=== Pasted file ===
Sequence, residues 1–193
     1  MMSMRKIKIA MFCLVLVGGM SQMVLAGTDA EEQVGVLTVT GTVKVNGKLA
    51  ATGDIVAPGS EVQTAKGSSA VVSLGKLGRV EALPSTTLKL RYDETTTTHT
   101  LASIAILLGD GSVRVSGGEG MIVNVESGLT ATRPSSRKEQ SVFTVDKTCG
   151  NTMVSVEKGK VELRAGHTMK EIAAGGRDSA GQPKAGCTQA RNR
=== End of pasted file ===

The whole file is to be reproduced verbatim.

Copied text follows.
Sequence, residues 1–193
     1  MMSMRKIKIA MFCLVLVGGM SQMVLAGTDA EEQVGVLTVT GTVKVNGKLA
    51  ATGDIVAPGS EVQTAKGSSA VVSLGKLGRV EALPSTTLKL RYDETTTTHT
   101  LASIAILLGD GSVRVSGGEG MIVNVESGLT ATRPSSRKEQ SVFTVDKTCG
   151  NTMVSVEKGK VELRAGHTMK EIAAGGRDSA GQPKAGCTQA RNR